Reboot the PC and proceed to remove the disconnected network drive(s). This reg hack will need to be repeated on every machine with this problem, servers included.

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I have never heard of that before!

by Tig2 In reply to Not a virus, Tig. This i ...

Is the reg hack something that can be scripted? I would hate to think the poor guy is potentially looking at having to do that by hand throughout the network. And the registry can be a dicey place to begin with.

But really good information. Thanks!

Remind me if I open a question that I owe you a thumb.

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Thanks for the tip

by XT John In reply to I have never heard of tha ...

I'll let you know how it works out. Funny thing is, I found a post concerning the exact same thing on Microsoft's website, and no answer given. As far as these machines belonging to a workgroup; they've been attached to this domain about 2 years. I recall there being a problem with the Domain Controller replacement awhile back; and all the pc's on the LAN needing to be disjoined/rejoined.

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This problem seems to plague persistent drive mappings

by ManiacMan In reply to Thanks for the tip

Believe me, I support a small medical office in which I setup their LAN and DC and have been banging my head against the wall for 2 weeks with this problem until I found the solution. I have noticed that if you don't flag the drives to be persistent upon mapping, you don't see this issue. Another headache MS left us poor IT folks to deal with, as if we don't have enough as is.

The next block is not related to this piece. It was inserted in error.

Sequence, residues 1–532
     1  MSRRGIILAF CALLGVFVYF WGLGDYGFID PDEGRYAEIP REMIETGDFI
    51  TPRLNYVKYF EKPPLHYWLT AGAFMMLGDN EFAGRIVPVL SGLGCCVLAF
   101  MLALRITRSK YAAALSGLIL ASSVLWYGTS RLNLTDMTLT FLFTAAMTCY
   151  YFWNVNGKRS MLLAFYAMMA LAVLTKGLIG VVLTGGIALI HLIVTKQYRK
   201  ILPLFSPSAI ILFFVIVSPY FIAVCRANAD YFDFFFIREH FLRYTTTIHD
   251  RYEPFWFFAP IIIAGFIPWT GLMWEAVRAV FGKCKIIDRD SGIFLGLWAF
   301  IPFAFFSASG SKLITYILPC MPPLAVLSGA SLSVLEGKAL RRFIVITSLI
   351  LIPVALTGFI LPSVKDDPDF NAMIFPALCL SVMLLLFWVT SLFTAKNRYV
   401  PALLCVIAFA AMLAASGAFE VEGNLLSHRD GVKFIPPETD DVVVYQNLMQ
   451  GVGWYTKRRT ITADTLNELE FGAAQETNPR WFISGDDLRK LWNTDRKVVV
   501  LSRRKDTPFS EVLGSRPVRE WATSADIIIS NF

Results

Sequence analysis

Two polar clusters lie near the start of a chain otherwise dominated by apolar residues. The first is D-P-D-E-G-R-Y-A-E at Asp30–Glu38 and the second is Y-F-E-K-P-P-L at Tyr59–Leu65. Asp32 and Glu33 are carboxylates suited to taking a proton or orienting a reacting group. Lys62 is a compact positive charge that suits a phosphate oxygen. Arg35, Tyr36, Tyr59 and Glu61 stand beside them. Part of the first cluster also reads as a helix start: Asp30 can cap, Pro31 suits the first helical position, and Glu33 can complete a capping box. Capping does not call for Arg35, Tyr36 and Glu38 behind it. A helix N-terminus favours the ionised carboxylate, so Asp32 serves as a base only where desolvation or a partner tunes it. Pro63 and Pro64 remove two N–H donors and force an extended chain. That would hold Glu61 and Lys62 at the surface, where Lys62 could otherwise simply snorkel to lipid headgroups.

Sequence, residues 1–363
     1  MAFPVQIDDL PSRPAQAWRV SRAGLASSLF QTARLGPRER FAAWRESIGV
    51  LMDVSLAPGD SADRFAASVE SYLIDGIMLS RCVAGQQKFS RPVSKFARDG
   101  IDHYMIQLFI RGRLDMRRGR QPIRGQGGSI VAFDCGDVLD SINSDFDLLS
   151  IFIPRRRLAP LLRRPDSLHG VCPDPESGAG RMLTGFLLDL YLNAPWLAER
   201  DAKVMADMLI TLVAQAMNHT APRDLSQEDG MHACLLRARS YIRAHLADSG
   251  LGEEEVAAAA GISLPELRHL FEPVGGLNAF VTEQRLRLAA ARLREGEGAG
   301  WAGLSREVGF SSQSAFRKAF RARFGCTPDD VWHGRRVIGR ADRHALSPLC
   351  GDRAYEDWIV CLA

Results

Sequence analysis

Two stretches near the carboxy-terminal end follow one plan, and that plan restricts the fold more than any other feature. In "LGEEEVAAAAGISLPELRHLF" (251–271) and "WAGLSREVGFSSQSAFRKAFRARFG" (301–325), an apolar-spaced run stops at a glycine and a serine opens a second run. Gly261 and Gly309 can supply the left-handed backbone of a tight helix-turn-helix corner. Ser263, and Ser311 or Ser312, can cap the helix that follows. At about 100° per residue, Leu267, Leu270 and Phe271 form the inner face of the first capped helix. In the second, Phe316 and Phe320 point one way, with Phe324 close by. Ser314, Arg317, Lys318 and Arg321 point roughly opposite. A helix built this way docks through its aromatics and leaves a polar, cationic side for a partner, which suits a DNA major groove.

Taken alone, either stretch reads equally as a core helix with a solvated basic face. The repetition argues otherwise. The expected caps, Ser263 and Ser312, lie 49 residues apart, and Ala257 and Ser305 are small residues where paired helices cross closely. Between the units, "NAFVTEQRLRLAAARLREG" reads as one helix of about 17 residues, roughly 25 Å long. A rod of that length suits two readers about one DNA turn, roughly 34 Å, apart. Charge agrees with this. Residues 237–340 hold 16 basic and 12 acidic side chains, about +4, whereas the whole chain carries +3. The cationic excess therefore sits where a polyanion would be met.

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Well, disjoining and rejoining from DC effectively puts them in a workgroup

by ManiacMan In reply to Thanks for the tip

and since I'm sure they have had persistent drives mapped when joined to the domain, the problem manifested itself as you see it now.

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This can be scripted to create the keys, strings, and values

by ManiacMan In reply to I have never heard of tha ...

But the script would have to be modified accordingly based on the network drive letters in question. I just provided the key names and values as an example of what to do, but I see no reason as to why this can't or shouldn't be scripted.

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Worked Fine

by XT John In reply to This can be scripted to c ...

Thankfully, I only had to do this on 2 machines here on our LAN. So far, so good... no unwanted drives popping back up! I'm glad this solution will be part of TechRepublic now; heaven knows I couldn't find the solution anywhere on the web, even Microsft's site!

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Hey John!

by Tig2 In reply to Worked Fine

Remember to give Maniac another thumb! And thank you for thinking to give him one in the first place! That was some serious digging he did!

Yep- impressed even me.